Conversation with Zinnia Kumar

Story photographed by Umit Savaci

Observer Shirt

Model for our latest campaign, Zinnia Kumar, is a multi-talented woman whose work spans across multiple disciplines including science, philanthropy, fashion & film. Born in Australia of full Indian descent, Zinnia entered the modelling industry relatively late, saying she was unlikely candidate due to traditional beauty standards. Fast forward to 2020 and Zinnia has been featured in the pages of Vogue Italia, and listed as one of Vogue India's most influential global Indians to know. Before entering the modelling world, Zinnia worked as a conservation biologist in the outback with wetland birds & on remote islands with Little Blue Penguins. She also volunteered her time over a 10 year period to teach refugee and disadvantaged children in Australia, India and Thailand, and was chosen by the Australian Government as a Youth Ambassador to work under the Department of Foreign Affairs. An eager learner, Zinnia is currently studying for a doctorate in colourism at Oxford University, whilst continuing to work on a number of environmental and humanitarian projects. This includes an upcoming documentary feature film raising awareness of colourism & unravelling the social, physical and psychological effects of skin colour discrimination in India. Ahead of International Women's Day, Kowtow's Creative Director, Gosia Piatek and Zinnia discuss the future of fashion, portrayals of beauty and how our putting our values first can help enable an equal world.

Gosia Piatek

Hi Zinnia, thank you so much for joining me in conversation. As I mentioned in my email, we’ll be celebrating International Women’s Day soon and I thought it would be a nice opportunity to share you work with our community – because not only are you the model in our latest editorial, but you’re also a published scientist and activist. You are such an inspiration in that every day you challenge the status quo. I would love to know which women have inspired you most throughout your life?

Zinnia Kumar

When I was young, I loved Mother Teresa, I loved that she was so selfless in the service of humanity. My mum has always been a source of strength and inspiration to me, she keeps me going when I feel like giving up. Also, most recently Leslee Udwin (award winning activist & filmmaker), an incredible friend and mentor. I am endlessly awed by her energy, drive, tenacity, bravery and fearlessness. She inspires me to believe that anything is possible and to always fight for what you believe in.

GP

It is so important to surround yourself with others that lift you up. Being an ethnic woman in the sciences, what are the biggest challenges you've faced?

ZK

Sexism. I overcame this by finding supportive female supervisors who appreciate what I am capable of and not what I look like defining what I am capable of.

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Oversized Boxy Tee, Sabine Pant

GP

It’s frustrating to hear that sexism is still so prevalent within the sciences (and across industries more broadly). It’s admirable that despite the challenges that you have faced in your science career, you’ve still remained passionate and dedicated to the field.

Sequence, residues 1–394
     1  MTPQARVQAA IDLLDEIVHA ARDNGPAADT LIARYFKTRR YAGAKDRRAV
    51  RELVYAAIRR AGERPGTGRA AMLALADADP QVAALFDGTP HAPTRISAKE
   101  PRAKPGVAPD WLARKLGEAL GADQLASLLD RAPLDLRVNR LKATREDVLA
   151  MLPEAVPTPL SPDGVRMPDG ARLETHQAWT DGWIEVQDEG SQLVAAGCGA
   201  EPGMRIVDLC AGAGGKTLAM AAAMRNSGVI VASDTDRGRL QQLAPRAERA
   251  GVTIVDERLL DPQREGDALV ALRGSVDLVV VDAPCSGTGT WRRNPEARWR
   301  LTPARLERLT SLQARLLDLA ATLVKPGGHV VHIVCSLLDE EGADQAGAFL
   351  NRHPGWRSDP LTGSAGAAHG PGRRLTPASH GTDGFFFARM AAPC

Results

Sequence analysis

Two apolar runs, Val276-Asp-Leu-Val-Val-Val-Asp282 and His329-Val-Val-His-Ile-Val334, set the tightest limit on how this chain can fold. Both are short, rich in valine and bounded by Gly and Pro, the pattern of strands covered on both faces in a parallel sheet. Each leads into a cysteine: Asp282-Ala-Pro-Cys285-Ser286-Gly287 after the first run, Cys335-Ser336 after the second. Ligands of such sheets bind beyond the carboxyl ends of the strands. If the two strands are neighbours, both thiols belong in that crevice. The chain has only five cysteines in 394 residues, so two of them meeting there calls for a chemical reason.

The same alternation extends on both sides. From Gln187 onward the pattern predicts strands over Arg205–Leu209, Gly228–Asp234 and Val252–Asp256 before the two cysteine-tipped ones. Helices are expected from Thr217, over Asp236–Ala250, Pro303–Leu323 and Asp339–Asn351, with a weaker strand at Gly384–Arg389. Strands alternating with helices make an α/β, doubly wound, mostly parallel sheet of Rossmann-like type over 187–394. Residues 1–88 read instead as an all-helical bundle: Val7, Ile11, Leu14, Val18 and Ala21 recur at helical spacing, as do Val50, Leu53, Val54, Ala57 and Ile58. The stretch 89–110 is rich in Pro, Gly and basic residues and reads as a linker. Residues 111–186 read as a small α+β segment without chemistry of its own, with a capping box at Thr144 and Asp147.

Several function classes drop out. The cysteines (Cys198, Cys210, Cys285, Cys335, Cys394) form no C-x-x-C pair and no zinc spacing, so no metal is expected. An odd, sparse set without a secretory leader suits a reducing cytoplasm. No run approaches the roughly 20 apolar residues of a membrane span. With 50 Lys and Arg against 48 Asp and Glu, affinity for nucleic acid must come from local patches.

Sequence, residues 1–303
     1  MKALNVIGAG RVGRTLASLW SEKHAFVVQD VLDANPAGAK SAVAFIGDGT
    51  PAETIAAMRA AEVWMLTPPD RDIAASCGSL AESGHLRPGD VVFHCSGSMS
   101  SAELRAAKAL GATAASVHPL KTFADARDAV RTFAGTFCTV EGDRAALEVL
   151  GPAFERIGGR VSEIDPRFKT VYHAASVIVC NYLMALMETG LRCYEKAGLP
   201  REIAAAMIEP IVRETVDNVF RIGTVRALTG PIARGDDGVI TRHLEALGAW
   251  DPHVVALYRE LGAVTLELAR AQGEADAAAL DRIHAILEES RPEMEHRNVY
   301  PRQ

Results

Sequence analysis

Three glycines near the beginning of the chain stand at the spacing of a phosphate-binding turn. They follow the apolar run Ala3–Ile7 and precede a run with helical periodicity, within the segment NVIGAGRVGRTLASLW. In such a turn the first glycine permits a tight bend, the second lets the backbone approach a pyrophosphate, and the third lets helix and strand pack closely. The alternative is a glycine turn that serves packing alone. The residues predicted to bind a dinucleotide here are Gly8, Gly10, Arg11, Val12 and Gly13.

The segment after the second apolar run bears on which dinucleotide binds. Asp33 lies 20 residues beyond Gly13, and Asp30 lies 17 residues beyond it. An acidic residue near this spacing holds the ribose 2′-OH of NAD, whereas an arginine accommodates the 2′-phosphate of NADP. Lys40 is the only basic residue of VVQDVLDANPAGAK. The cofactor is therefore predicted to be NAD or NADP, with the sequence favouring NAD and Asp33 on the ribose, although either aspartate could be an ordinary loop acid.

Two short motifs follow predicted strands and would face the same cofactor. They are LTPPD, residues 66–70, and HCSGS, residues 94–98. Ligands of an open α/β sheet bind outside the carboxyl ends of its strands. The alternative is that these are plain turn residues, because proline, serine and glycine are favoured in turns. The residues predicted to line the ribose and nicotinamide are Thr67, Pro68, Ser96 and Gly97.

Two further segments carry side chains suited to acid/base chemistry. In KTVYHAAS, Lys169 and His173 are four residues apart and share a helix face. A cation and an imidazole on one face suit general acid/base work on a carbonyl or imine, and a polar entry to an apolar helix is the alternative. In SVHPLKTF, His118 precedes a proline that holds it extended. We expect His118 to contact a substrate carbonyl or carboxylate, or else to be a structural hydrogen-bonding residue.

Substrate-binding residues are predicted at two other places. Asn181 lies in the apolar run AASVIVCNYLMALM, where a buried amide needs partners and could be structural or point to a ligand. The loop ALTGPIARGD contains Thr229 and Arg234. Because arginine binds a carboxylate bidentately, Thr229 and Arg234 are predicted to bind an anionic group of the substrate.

You once stated that science is art. What creative freedom have you experienced with your work in science?

ZK

If I can think of an idea no one has done, I can do it. I can delve deep into uncharted territory and find an answer. It is incredibly creative and forces you to think outside the box.

GP

I read that part of your studies in Human Evolutionary Biology included human attraction. Has this knowledge helped you to unravel the illusions of beauty that exist within the fashion industry?

ZK

Yes 100%! What I’ve realised is that beauty is an illusion, it is a trend that constantly shifts and evolves with popular culture and societal influences. What was considered beautiful 10 years ago, probably isn’t anymore, what we think makes us beautiful today won't be the same in 5 years’ time.

GP

I completely agree. The portrayals of ‘beauty’ that we are presented with are constantly changing and therefore impossible to meet. How have you seen these trends change over time?

ZK

In terms of trends, what you see most often becomes familiar, and what is familiar often becomes attractive. Where seven years ago, ultra-thin, toned bodies was socially considered highly attractive. However, that’s because it was the only body shape we ever saw in popular culture. Today, the repeated exposure of plus size shapes has meant much of the public have fallen out of favour with the narrow ideal in favour of one that suits their own natural bodies. It’s funny how time and perspective changes things so drastically.

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GP

Definitely. We hear our customers when they say they want more diversity. In our 14 years, we’ve taken our photoshoots from New Zealand, Australia and London, and the model agencies are still so limited. There is a fine line of what is genuine and what is token, and I never want to feel like we’re doing something for the sake of it being on trend.

How do you see fashion changing within the next decade?

ZK

I think fashion itself will see a slowdown in fast fashion and rapid consumerism. People will start to buy less, preferring high quality items that transcend fashion trends. Towards the end of the decade manufacturing will shift from China to India. The Indian economy will overtake the US in 2030 to become the world’s largest consumer market. Consumers across the globe will become highly conscious of where their garments come from, who makes them and what environmental impact it is having on the world. I think this is what makes Kowtow revolutionary, it was started with this commitment in mind, well before sustainability became a fashion ‘trend’.